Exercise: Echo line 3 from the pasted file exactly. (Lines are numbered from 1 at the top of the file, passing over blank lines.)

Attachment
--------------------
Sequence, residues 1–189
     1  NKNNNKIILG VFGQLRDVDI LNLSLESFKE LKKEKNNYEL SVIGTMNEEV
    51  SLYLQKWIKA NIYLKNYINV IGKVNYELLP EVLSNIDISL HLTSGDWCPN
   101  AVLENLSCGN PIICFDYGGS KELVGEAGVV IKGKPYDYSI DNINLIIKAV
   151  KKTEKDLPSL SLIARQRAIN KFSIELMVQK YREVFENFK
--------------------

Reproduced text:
    51  SLYLQKWIKA NIYLKNYINV IGKVNYELLP EVLSNIDISL HLTSGDWCPN